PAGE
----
Tenting Tips from Beet Baily

About Page  Rancho Excerpts Contact Page Home Page Photo Page Photo Sidebars Tenting Today Revolt of the Sergeants City Haul Tenting Tips from Beet No Time for Work Gramps Backpacks the UK Rancho Costa Nada My Photos Photo Amtrak Toilets Diego Garcia Journalism Rancho Reviews Chuckwalla Wire Chuckwalla Wire Rancho Full Monty Tenting Today in Full



 


Tips from Beet 
 
 
Beatrice (Beet) Bailey is a full-time tent dweller who divides her time between Arizona in the winter and Colorado in the summer, working as a campground hostess.  “I started out volunteering in BLM campgrounds and found tent life so agreeable that I soon became a full-timer.”  Along with a free campsite, she receives a modest stipend from the park service which she augments by occasional work as a gardener.
                

The sand bag garden
 
“At the Crested Butte campground in southern Colorado I put in a sand bag garden every summer behind my tent.  The rangers don’t mind because the garden is easily removed at the end of the season.  I fill sandbags with a mixture of compost, forest duff, soil, and a little potting mix.  I also put some absorbent cotton waste, such as an old wash cloth or a diaper, into the bag to help hold moisture. 
 
After loosening the ground with a pitch fork, I punch some holes in the bottom of my filled bags and set them on the loosened soil.  Then I split the top of the bag with a knife, just enough to insert the seedlings.  Usually I grow cherry tomatoes, beets, carrots, kale, radishes, herbs, lettuce, and spinach.   I run a couple of strands of filament fish line around the garden to spook the deer, and then lay some mesh garden netting over the plants.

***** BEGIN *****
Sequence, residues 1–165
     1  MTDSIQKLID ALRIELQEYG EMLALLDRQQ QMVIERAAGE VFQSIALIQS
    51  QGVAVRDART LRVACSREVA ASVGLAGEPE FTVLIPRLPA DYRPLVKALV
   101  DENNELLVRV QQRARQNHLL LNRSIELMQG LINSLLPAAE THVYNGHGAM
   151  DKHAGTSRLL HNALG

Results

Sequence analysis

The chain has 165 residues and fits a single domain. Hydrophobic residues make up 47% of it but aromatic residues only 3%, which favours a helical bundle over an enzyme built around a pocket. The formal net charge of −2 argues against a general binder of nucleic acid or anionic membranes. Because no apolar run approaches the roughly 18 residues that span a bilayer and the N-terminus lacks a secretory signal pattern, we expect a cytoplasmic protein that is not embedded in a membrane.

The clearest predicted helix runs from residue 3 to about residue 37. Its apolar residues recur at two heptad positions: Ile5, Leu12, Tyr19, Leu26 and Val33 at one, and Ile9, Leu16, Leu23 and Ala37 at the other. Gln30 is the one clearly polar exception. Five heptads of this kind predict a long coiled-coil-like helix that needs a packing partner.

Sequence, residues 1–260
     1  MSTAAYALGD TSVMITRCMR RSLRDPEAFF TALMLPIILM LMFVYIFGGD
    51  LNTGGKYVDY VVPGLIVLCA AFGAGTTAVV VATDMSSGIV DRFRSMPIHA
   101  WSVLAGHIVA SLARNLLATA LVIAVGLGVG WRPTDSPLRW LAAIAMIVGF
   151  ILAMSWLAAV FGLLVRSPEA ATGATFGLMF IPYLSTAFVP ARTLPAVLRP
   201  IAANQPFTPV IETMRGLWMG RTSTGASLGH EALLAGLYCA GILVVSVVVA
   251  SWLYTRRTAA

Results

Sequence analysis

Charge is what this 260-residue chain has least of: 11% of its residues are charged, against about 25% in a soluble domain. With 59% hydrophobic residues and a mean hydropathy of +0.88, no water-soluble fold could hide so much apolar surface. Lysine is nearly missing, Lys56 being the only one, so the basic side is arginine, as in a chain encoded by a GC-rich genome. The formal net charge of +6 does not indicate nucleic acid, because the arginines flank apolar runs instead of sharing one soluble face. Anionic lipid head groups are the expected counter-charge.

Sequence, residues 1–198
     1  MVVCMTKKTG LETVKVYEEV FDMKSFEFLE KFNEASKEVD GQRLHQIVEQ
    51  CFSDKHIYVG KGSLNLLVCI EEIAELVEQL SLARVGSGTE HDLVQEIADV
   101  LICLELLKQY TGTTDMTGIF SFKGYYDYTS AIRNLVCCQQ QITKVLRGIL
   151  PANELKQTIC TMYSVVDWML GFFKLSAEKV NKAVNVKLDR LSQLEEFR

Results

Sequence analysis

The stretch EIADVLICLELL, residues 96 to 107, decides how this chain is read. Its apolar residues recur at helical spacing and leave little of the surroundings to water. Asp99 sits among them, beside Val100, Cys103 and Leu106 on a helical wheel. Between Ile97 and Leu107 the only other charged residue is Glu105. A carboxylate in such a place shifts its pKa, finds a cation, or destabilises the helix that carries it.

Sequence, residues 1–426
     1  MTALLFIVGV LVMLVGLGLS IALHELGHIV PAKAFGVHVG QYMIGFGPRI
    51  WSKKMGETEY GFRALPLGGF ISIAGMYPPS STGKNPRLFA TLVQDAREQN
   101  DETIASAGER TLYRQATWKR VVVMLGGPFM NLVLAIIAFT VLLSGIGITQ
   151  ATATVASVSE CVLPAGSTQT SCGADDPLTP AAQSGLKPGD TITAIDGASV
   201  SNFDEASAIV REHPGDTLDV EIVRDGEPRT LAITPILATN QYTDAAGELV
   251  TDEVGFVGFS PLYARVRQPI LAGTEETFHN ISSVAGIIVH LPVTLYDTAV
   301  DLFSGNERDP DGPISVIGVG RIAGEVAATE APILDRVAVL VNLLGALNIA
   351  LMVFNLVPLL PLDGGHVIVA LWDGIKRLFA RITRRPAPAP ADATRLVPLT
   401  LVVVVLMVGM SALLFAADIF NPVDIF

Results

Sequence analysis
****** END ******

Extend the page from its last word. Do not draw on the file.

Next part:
For irrigation I run a soaker hose over the sandbags.  The hose is fed by gravity from a 55-gallon drum sitting on concrete blocks.  This garden is practically maintenance free, and enough to supply the stew pot and the salad bowl for most of the summer.”
 
 
Ice chest cooking
 
“I cook with a propane stove, and propane is expensive.  For beans and rice and vegetable stews I do most of the cooking in an ice chest.  For instance, after bringing the beans to a quick boil I wrap the bottom of the pot in aluminum foil and set it on a folded towel at the bottom of the ice chest.   Then I wrap the pot in a garage sale wool shirt, and close the chest lid.  Beans cook in a couple of hours, rice and vegetable stews cook in an hour.”
  On the road with Beet 

When I travel I picnic.  No fridge, of course, no ice chest, and no stove either.  Crackers and cheese, yogurt, fruit.  Salad oil spray on carrots, cukes, radishes and baby spinach.  Soy milk and cereal.  Sometimes “overnight oatmeal,” which is rolled oats and cold soymilk left overnight in a Thermos, ready to eat in the morning, with berries and a banana.  Baked, salt less corn chips and hummus or tofu spread.   Every meal a picnic in the open air.

 

Even in camp, to save on propane, I go long periods without much cooking.  I blanch.  Broccoli, cauliflower, tomatoes, go into the big steel bowl and get soused with boiling water.  The veggies are lightly al dente, and any clinging e-coli wiped out.

 

Solar power for dishes
 
“In the morning I set out four or five plastic water jugs in the sun.  By afternoon the water is warm enough to wash the day’s dishes.  I wash in one plastic dish pan, with a drop or two of soap, and rinse with cold water in another pan.  The Crested Butte campground has hot showers, but at other more primitive campgrounds I heat my shower water in the same way.  Of course on the rare cloudy day I have to use a little propane to warm up the dish water.”
 
Glass Tupperware
 
“I prefer glass for my containers so I recycle glass pickle jars for Tupperware and food containers by wrapping them in duct tape.  If I drop one the tape keeps the broken glass from going too far.  The glass is also free of chemicals that might infuse the food.  And for a canteen I use a wine bottle with a screw top.  I put the bottle in an old unmated sock for a little insulation and protection.”